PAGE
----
Going to warm countries and enjoying sunlight has become a common activity among Danish people, who normally face coldness and darkness all along the year. However, not protecting themselves against the sun might incur in a serious problem of developing melanoma in their bodies. In this sense, The Danish Cancer Society has launched a funny campaign for a controversial issue asking the people of five holiday destinations – France, Italy, Spain, Greece and Thailand-, to remind travelers from Denmark to use sunscreen when visiting their countries. The campaign “Help a Dane”, created by Copenhagen agency NoA & Co, aims to tackle the fact that Danes have one of the world’s highest rates of melanoma in the world.
The message spread through a multilingual series of videos parodies a government-style announcement, presented by Mikael Bertelsen and solemnly addressing the people of those five countries in their own languages, meaning that each video is tailored to the local audience. Besides him, a choir of sunburnt and swimsuit-clad Danes are standing holding a serious facial expression.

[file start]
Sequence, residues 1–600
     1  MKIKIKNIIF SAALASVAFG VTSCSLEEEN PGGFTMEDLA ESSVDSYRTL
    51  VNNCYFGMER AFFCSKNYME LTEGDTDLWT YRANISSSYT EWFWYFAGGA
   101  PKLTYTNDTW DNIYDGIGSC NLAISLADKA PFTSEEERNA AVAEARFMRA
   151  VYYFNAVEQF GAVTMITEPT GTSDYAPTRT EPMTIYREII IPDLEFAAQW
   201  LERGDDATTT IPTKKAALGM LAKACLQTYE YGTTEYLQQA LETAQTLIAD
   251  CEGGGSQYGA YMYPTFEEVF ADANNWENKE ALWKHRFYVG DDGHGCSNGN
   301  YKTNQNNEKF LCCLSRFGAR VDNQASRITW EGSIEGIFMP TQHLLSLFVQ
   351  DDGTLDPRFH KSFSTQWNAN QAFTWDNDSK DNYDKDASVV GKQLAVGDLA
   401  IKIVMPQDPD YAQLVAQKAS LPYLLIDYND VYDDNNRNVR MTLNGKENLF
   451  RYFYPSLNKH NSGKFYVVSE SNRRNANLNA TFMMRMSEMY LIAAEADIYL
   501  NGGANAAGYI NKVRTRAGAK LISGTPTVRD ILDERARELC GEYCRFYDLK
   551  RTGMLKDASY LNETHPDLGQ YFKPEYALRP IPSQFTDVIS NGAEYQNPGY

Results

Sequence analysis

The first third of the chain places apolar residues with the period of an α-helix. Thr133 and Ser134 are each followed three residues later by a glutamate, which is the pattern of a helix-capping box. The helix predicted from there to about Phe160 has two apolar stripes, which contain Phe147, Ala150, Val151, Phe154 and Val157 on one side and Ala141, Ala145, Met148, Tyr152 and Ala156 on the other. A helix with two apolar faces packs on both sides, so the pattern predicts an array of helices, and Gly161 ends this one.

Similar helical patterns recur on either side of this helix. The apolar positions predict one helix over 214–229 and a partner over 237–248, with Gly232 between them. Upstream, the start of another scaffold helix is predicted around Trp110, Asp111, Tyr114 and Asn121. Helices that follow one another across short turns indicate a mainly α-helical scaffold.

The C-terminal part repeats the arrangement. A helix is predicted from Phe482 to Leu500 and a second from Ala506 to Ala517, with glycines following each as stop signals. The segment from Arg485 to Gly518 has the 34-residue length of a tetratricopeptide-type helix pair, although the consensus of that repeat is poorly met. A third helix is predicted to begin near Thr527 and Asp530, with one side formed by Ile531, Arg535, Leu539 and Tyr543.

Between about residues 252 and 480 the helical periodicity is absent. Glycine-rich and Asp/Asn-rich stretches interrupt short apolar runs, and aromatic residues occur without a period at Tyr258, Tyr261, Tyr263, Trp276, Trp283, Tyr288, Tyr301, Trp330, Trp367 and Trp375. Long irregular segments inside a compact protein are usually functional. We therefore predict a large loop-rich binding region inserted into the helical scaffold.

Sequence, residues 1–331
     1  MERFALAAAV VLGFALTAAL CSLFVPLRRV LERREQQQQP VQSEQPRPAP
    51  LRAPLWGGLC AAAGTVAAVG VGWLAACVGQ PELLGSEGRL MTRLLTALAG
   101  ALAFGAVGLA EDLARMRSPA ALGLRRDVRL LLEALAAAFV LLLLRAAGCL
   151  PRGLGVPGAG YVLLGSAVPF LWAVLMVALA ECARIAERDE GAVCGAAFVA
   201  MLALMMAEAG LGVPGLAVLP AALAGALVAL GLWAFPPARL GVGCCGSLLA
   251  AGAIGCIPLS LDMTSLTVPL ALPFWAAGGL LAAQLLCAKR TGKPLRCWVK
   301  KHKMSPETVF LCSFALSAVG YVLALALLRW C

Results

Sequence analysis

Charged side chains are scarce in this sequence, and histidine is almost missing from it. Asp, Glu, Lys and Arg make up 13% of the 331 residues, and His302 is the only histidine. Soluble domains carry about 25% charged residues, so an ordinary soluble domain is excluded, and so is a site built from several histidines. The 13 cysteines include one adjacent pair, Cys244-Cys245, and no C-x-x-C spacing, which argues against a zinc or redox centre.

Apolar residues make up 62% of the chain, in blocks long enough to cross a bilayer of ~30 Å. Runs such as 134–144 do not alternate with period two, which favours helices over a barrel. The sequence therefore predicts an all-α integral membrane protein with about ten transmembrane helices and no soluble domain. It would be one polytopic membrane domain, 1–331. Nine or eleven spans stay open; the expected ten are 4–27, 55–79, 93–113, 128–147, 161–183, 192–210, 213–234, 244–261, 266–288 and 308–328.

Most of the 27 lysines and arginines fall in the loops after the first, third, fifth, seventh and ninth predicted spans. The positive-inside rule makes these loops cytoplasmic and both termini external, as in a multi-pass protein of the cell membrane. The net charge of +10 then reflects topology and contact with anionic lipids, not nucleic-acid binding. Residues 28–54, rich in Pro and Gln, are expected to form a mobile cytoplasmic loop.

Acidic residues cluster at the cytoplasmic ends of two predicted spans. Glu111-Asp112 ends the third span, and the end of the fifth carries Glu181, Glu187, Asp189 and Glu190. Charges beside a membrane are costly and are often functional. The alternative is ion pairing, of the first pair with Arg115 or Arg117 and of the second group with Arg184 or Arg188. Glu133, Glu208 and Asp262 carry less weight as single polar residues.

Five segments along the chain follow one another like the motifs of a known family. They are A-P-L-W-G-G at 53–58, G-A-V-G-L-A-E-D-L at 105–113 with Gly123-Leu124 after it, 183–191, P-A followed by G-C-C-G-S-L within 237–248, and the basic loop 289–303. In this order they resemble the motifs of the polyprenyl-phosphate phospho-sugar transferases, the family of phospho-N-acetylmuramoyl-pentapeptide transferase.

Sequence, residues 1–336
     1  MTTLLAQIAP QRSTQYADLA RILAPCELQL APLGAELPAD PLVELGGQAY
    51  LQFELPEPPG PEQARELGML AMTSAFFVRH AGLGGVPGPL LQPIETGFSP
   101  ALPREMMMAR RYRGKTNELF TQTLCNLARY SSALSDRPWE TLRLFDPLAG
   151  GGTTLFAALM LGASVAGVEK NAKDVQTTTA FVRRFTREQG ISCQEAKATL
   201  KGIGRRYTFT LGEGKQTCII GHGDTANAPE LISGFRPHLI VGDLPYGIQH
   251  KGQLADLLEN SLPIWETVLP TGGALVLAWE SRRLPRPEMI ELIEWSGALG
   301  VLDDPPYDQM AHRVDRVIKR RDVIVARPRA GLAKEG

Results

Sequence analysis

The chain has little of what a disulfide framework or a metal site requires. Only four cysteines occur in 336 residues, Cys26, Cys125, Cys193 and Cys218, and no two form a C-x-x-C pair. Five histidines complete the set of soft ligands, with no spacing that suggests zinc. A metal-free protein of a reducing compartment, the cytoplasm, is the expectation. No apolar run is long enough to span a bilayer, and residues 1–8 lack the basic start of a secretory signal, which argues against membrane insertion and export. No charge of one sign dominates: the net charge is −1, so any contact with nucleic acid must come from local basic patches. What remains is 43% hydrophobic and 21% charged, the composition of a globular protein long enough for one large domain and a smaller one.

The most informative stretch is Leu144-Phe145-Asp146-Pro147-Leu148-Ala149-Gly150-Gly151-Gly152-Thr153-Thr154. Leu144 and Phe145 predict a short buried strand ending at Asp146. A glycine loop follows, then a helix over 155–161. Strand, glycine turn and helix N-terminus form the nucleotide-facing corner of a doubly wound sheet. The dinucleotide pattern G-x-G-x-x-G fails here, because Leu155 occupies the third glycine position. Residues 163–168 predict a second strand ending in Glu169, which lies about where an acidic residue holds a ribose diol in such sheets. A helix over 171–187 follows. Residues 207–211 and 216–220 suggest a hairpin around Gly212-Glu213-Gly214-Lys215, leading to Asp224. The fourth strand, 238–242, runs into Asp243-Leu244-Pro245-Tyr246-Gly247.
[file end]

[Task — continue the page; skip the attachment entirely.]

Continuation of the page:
“Remind us that every single minute under the sun in Spain counts, whether on the beach or in a market. Remind us to take shelter under the shades”, Mr Bertelsen says in the video made for Spanish citizens. He also speaks a very imperfect foreigner version of spoken Thai, French, Italian and Greek. Two plates with typical food from the country accompany his statements of the problem. Thai springrolls, paella, pizzas, Tzatziki sauce and French croissants are some examples.
Denmark has 19,2 cases per 100,000 people annually, slightly higher than its Scandinavian neighbors. If we compare Denmark with some other countries, the UK has 14,6 cases, 11,4 in Germany and Italy, 10,2 in France and 6,9 in Spain. According to data provided by The Danish Cancer Society, annual skin cancer cases are almost double the number in France. While the advert’s tone is clearly intended to be amusing, its backed up frustrating statistics such as this one shows that the problem is much higher than reported in the videos.